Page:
Citizen of Pakistan and United Kingdom Sentenced For International Wire Fraud Scheme That Sold False Cures For Multiple Illnesses
For Immediate Release
U.S. Attorney's Office, District of New Hampshire
CONCORD, N.H. - Mustafa Hasan Arif, 37, an individual with dual citizenship in Pakistan and the United Kingdom, was sentenced to serve six years in federal prison for his role in an extensive international wire fraud scheme, Acting United States Attorney John J. Farley announced today.
According to court documents and statements in court proceedings, Arif defrauded individuals all around the world by selling drugs that he claimed would cure many serious diseases. While in Lahore, Pakistan, Arif created, maintained, and controlled over 1,500 websites that promoted the sale of the drugs. The websites claimed that the drugs would cure and treat hundreds of diseases, many of which were incurable, including cerebral palsy, mental retardation, Parkinson’s disease, Alzheimer’s disease, and emphysema. The websites included falsified cure rates, false clinical research, and fabricated testimonials. One series of websites fraudulently claimed that Arif’s products had shown a 90 percent cure rate in clinical trials. Other websites included links to clinical research that had not been written about the drugs on the websites, but which suggested that clinical research had been performed on the products Arif was distributing. In an effort to make customers comfortable about the products, Arif also falsely represented that the drugs were being sold by entities in Germany, Norway, Italy, Australia, New Zealand, and Denmark when in fact the drugs were all being sold and shipped from Pakistan. Documents in the case show that Arif ‘s scheme generated more than $12.8 million in fraudulent sales to more than 100,000 victims.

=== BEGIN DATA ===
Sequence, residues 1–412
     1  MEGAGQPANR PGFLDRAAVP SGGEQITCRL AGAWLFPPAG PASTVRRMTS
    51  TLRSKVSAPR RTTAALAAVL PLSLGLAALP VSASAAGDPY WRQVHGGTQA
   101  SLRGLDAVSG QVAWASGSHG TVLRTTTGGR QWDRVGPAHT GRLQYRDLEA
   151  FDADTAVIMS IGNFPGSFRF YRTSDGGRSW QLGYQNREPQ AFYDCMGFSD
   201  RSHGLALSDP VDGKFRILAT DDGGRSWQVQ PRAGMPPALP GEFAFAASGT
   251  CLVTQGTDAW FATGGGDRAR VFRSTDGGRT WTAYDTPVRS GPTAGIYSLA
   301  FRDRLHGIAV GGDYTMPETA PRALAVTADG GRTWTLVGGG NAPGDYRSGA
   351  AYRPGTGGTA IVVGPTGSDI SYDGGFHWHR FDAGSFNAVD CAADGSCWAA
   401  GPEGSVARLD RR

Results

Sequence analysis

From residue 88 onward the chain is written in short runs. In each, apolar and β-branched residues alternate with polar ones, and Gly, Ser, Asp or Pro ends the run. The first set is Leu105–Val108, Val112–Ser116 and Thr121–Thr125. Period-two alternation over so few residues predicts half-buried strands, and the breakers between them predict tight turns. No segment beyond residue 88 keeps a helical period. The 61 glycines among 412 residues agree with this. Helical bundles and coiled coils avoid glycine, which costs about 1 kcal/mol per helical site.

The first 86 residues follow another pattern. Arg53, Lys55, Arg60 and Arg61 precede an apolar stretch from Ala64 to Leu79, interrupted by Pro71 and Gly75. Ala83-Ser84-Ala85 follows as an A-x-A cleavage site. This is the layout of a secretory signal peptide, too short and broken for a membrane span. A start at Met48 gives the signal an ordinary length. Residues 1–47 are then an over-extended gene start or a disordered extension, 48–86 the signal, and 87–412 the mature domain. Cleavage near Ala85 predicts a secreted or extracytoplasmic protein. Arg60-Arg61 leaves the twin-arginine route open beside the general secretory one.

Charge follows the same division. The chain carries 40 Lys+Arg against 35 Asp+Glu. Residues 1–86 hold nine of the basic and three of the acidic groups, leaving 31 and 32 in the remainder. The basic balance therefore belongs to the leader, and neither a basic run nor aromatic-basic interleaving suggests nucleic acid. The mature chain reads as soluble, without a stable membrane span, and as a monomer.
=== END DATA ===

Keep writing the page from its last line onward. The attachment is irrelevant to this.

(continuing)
Arif initially was arrested after he flew into New York in February 2014 on a business trip. He appeared in federal court in New York and later was transported to New Hampshire, where he has remained in custody. He pleaded guilty to wire fraud on October 11, 2016.
“The defendant’s conduct was reprehensible,” Acting U.S. Attorney Farley said. “He preyed on vulnerable individuals who were seeking to find cures for illnesses that often had no known cure. His scheme not only defrauded his victims financially but also victimized them emotionally by raising false hopes that his products could treat their serious medical conditions. Rather than providing his sick customers with remedies for their illnesses, he only caused more pain. I commend the law enforcement officers who put an end to this dangerous and heartless scheme.”
“Criminals who deceive U.S. consumers with false information and false claims about drugs can adversely affect the public’s health,” said Jeffrey J. Ebersole, Special Agent in Charge, FDA Office of Criminal Investigations’ New York Field Office. “Our office will continue to pursue and bring to justice those who take advantage of consumers in their quest for profits.”
This investigation was led by the FDA/Office of Criminal Investigations, Cybercrime Investigations Unit along with Homeland Security Investigations. Assistance during the investigation was provided by the New Hampshire Attorney General’s Office, Portsmouth New Hampshire Police Department, the United States Consulate, Diplomatic Security Service Lagos, Nigeria office, New Zealand Ministry of Health, United Kingdom Medicines and Healthcare Products Regulatory Agency, and the Department of Justice, Office of International Affairs. The investigation was prosecuted by Assistant United States Attorney Arnold H. Huftalen and Sarah Hawkins of the FDA/Office of Chief Counsel.
Updated May 23, 2017